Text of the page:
The high porosity properties of the dumbbell-like SrCO3 products were confirmed by the measurement of the Brunauer-Emmett-Teller (BET) surface area and the N2 adsorption-desorption isotherms (Figure 5). The BET specific surface area is 14.9 m2 g−1, which is smaller than those of the mesoporous SrCO3 [15] and hierarchical mesoporous SrCO3 submicron spheres [16]. The reason can be ascribed to the relative larger diameter of the constructing particles and the larger total pore volume of 0.18 cm3 g−1. According to IUPAC recommendations [17], the observed hysteresis of the dumbbell-like product was a characteristic of a type III isotherm with a type H3 hysteresis loop in the P/ P0 > 0.8. This means that the mesopores in the reign size of 12 to 32 nm were presented (Figure 5 inset). Moreover, the observed hysteresis loop near to P/ P0 ≈ 1 suggests that pores >50 nm were also presented [18]. This may be explained that mesopores of 12 to 32 nm ascribed to the auto-assembled stacks of uniform nanosphere, while the large pores >50 nm attributed to the aggregation of the dumbbell-like particles. It was reported that materials with a mesoporous structure possessed higher chemical reactivity due to their higher mass transportation performance [19].

thumbnailFigure 5. N2adsorption-desorption isotherms of dumbbell-like SrCO3in pure methanol at 50°C. The inset is the corresponding pore size distributions.

Although the exact formation mechanism of these morphologies of the SrCO3 crystal is still not clear at present, our results show that the reaction temperature and the m/w ratio have great effects on the morphology. The m/w ratio or the polarity of the mixed solvent had a great effect on the morphology which had been reported by Lou et al. [17] and Zhang et al. [20]. Studies showed that alcohols can affect the dielectric constant of the medium and change the crystal growth rate [21]. When pure methanol was presented, the -OH of methanol might adsorb to the nuclei of the crystals and change its surface energy and then the morphology of the products. As the temperature was increased, the vibration of -OH groups in methanol was more rapid and absorption effects were weakened [22]. Thus, the morphology of the product has little change at relatively high temperatures of 60°C and 70°C (Figure 3A,B). However, when the methanol/water solution was presented, the forming hydrogen bond between methanol and water prevented the absorption to the nuclei, and rod-like products growing along the c-axis were obtained.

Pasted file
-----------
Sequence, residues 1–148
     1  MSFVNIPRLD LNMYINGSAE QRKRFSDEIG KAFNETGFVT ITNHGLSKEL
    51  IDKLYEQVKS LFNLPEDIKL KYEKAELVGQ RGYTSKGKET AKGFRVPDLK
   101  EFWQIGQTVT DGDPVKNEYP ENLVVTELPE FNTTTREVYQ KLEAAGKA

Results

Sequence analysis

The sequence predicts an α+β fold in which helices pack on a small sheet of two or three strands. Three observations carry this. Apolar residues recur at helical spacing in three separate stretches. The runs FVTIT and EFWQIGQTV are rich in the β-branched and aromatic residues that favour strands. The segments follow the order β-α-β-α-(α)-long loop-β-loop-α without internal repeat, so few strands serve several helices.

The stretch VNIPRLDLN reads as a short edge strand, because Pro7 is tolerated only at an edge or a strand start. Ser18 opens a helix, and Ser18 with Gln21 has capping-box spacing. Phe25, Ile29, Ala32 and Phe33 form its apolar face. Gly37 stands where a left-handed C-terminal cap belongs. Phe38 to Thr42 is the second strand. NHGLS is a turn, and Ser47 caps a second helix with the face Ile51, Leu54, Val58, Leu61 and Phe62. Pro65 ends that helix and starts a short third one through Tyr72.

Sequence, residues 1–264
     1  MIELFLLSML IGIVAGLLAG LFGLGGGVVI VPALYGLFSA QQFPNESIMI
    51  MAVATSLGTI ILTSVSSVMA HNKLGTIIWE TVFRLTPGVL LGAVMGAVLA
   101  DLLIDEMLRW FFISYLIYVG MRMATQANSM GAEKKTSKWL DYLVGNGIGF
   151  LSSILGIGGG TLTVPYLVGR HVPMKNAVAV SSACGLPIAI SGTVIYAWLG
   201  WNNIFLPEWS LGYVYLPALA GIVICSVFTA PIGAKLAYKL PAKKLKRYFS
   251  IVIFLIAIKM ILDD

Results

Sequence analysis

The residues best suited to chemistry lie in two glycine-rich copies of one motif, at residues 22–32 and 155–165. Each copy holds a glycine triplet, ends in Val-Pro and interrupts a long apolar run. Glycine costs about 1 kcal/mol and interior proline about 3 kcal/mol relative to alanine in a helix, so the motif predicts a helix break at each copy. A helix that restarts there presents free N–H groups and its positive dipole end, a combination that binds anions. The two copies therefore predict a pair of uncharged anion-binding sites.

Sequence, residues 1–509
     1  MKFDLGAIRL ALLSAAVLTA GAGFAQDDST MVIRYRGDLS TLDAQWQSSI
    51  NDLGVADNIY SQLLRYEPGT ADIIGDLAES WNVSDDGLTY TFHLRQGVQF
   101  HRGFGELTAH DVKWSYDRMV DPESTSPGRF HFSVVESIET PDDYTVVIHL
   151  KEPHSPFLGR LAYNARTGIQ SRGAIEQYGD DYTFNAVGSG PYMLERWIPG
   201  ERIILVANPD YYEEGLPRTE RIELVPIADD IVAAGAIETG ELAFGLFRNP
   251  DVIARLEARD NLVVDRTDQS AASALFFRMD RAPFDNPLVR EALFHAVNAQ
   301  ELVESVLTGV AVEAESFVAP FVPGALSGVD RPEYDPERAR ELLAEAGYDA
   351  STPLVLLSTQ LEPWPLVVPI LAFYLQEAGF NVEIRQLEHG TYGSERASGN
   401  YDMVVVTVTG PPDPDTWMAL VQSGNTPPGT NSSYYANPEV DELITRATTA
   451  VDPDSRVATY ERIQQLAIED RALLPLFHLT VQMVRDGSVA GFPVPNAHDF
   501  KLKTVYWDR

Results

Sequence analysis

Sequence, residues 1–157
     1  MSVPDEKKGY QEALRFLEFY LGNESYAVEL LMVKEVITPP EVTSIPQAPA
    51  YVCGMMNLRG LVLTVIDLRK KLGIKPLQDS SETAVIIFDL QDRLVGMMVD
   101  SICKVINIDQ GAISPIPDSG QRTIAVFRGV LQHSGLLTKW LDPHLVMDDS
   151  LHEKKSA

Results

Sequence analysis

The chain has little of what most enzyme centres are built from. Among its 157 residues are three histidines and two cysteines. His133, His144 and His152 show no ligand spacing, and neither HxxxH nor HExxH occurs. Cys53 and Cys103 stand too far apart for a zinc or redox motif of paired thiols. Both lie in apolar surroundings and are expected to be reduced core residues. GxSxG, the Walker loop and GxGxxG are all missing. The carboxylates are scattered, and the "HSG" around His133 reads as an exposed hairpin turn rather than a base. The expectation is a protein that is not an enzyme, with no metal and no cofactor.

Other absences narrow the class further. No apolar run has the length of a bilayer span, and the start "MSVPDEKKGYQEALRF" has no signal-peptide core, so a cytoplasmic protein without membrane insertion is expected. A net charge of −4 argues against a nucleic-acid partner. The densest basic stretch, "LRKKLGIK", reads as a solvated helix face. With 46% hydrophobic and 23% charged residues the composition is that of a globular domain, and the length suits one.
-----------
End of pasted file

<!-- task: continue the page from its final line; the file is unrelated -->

Conclusions

Highly dispersive SrCO3 nanostructures with unique ellipsoid, dumbbell, and rod-like morphologies were successfully synthesized by a facile way in pure methanol or methanol/water solution without additives. The morphology of SrCO3 nanostructures can be controlled flexibly by adjusting the reaction temperature and the m/w ratio. N2 adsorption-desorption result reveals that this dumbbell-like SrCO3 has a mesoporous structure. It is expected that these SrCO3 nanostructures can be used in photocatalysis and electronic manufacturing in the future.

Competing interests

The authors declare that they have no competing interests.

Authors’ contributions

LL carried out the experiments studied on the crystal morphology, participated in the sequence alignment, and drafted the manuscript. Dr. RL designed the research programs and guided the experiment’s progress. Professors QF and ZT participated in the sequence alignment. All authors read and approved the final manuscript.

Authors’ information

LL is a Ph.D. on chemical engineering science. He researches on crystal growth and design at Guangxi University. Dr. RL works as an associate researcher at the Institute of Process Engineering, Chinese Academy of Sciences. In the National Engineering Laboratory for Hydrometallurgical Cleaner Production Technology, he works on crystal growth and morphology controlling. Professors QF and ZT are experts of chemical engineering at Guangxi University.

Acknowledgments

This work is supported by the National Nature Foundation of China (20976181).